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Q: “My Son Is a Terrible Loser”

Losing at a game, whether cards or football, can send some children into full-blown anxiety that manifests as rage. But avoiding competitive situations is not a solution.

Q: “My son normally expresses emotions very well, but when he loses a game he becomes completely irrational, claiming everyone has cheated, the refs were all bad, the world is against him. It’s very hard for my husband and me not to become angry with his behavior. What can we do?”

A: This is an interesting question because this is anxious behavior that is often interpreted as oppositional or bad behavior.

I knew a boy like that who was a very smart, high-functioning child, but he could not tolerate failure of any kind. He could not play team sports because he could never be on the losing team. He could not play board games. His family adjusted their life to make sure that he was never in a competitive situation in which he would lose.

This is a big pitfall for loving, caring, helpful parents — to try to protect the child by avoiding the anxiety-provoking situation, such as not taking airplane flights, crossing the street to avoid a dog or creating elaborate and lengthy ways around separation. This is not the way treatments work and it’s not the way to help children, but it’s an easy trap to fall into.

In this case, the parents need to help their son understand that this is anxiety. They could say, “It doesn’t need to make you so anxious to lose because we all lose. None of us likes to lose, but all of us lose some of the time.”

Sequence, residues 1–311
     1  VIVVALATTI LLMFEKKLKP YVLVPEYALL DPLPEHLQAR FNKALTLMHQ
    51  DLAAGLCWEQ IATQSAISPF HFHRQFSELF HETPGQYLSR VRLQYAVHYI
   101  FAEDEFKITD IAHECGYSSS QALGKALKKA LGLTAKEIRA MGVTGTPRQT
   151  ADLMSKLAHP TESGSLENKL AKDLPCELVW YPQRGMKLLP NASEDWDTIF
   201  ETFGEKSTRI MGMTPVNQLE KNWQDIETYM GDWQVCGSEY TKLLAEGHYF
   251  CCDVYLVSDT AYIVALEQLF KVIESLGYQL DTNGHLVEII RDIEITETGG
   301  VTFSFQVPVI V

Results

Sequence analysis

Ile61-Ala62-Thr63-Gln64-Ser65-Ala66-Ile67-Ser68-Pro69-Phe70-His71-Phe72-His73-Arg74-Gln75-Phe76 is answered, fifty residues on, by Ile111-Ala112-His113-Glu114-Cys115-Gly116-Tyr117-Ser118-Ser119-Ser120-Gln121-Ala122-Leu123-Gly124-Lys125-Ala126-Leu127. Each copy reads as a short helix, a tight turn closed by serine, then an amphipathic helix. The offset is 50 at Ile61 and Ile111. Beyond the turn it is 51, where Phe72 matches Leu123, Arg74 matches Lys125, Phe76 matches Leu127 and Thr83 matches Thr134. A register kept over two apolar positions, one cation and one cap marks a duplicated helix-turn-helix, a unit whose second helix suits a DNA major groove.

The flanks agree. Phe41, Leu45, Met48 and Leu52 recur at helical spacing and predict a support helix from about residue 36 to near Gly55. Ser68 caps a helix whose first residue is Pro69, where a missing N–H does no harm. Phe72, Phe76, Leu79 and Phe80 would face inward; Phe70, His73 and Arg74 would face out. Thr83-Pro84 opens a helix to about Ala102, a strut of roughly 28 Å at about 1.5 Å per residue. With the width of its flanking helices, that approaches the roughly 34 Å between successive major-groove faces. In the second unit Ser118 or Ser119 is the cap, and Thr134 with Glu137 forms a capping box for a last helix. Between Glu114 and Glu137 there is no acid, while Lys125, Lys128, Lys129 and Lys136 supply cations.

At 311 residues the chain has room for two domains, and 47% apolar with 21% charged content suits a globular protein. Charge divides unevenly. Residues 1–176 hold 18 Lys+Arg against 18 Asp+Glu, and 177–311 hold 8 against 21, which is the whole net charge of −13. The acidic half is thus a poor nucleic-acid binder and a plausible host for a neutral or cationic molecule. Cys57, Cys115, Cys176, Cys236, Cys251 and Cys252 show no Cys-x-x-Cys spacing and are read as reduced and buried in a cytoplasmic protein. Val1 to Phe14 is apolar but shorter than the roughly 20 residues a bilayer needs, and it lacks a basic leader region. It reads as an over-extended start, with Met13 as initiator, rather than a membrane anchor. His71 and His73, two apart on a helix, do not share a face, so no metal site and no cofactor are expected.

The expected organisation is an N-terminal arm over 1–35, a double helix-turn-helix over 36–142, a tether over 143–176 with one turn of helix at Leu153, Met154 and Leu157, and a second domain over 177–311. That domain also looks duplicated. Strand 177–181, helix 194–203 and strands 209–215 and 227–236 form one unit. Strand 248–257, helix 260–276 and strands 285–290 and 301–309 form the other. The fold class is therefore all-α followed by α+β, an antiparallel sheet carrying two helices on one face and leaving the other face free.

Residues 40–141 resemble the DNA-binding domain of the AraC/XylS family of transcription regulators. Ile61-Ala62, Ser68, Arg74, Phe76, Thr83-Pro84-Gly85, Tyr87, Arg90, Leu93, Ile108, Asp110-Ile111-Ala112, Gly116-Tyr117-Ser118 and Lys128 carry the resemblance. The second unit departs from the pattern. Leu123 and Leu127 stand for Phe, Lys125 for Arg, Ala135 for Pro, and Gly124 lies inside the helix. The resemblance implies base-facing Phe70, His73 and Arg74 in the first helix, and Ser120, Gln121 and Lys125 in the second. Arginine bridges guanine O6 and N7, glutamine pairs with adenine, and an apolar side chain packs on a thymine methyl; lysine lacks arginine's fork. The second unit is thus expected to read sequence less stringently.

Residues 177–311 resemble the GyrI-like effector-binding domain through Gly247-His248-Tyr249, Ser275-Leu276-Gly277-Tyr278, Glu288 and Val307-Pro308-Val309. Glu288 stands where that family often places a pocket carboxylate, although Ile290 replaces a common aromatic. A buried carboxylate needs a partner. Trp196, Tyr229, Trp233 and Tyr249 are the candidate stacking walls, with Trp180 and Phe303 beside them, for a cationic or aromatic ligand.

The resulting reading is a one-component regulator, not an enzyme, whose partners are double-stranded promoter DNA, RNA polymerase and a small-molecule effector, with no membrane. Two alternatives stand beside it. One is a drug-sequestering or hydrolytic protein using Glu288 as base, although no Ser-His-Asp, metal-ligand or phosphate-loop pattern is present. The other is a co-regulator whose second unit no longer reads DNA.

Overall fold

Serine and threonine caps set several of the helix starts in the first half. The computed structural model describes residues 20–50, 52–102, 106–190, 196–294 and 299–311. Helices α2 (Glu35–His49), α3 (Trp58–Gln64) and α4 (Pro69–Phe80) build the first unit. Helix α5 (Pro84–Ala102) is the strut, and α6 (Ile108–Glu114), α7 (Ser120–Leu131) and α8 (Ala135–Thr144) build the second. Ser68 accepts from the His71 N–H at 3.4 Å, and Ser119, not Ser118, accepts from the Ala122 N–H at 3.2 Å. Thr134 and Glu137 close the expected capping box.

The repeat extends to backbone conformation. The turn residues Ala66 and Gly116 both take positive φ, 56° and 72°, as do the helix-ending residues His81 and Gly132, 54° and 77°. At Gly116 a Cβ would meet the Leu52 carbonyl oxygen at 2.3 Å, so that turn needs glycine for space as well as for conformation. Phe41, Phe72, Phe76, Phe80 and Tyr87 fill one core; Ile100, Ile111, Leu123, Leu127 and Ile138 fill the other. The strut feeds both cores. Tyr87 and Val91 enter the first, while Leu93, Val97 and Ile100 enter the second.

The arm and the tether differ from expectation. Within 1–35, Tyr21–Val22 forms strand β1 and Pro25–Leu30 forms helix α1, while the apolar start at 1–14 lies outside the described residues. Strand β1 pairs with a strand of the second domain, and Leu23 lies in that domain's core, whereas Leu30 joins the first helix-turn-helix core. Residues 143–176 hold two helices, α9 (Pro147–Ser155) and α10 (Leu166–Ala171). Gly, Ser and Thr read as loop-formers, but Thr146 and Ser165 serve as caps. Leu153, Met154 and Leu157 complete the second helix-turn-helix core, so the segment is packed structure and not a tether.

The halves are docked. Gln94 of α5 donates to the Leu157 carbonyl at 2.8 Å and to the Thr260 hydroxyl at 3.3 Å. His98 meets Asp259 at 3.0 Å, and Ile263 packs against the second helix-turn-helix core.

[Self-Test: Does My Child Have Generalized Anxiety Disorder?]

This content came from the ADDitude webinar by Eileen Costello, M.D., and Perri Klass, M.D., titled “Worry Less: Managing Anxiety in Children and Adolescents with ADHD and Learning Differences”, which is available for free replay here.

1 Comments & Reviews

  1. Hmmm…interesting that the contributing authors seem to imply that the child’s response to losing as being associated solely with anxiety (and presumably in co-occurrence with ADD/HD). Because while clinical and empirical data likely supports the correlation discussused in the article, I am curious whether data supports that the response to “competative loss” has sufficiently established that it is exclusively and specifically correlated with anxiety with enough confidence to rule out all other possible co occurring conditions. The most obvious of such possibilities that I am thinking of would be clinical depression. The likelihood of comorbidity is emphasized in the DSM 5. It specifically states that, “Individuals whose presentation meets criteria for generalized anxiety disorder are likely to have met criteria for other anxiety and unipolar depressive disorders.” (American Psychiatriatric Association, 2013. American Psychiatric Association: Diagnostic and Statistical Manual, Fifth Edition, P. 226). Which is enough for me to beg the question I posed above.

    I have a personal interest about this specific presentation as well. Because during my own childhood I demonstrated this same type and degree of intolerance for losing. Regardless of whether the competition was all in fun or within the context of some official event or league, I hated to lose. And neither of my parents were “that parent”; the one that is so fervently win or go home that they yell their criticisms out loud at their or anothers child. In fact they spoke the mantra of it’s not even how but rather “that you play the game”. As an adult, I am by character and of necessity, accepting of not winning or being the best of all. Ne essity stems from being a recovering alcoholic for over a decade, and then three years subsequent my getting sobersuffering severe panic attacks and then being diagnosed as ADD with co occurring generalized anxiety disorder. And I have a son who is now 10 years old. So this hits very close to home for many reasons.


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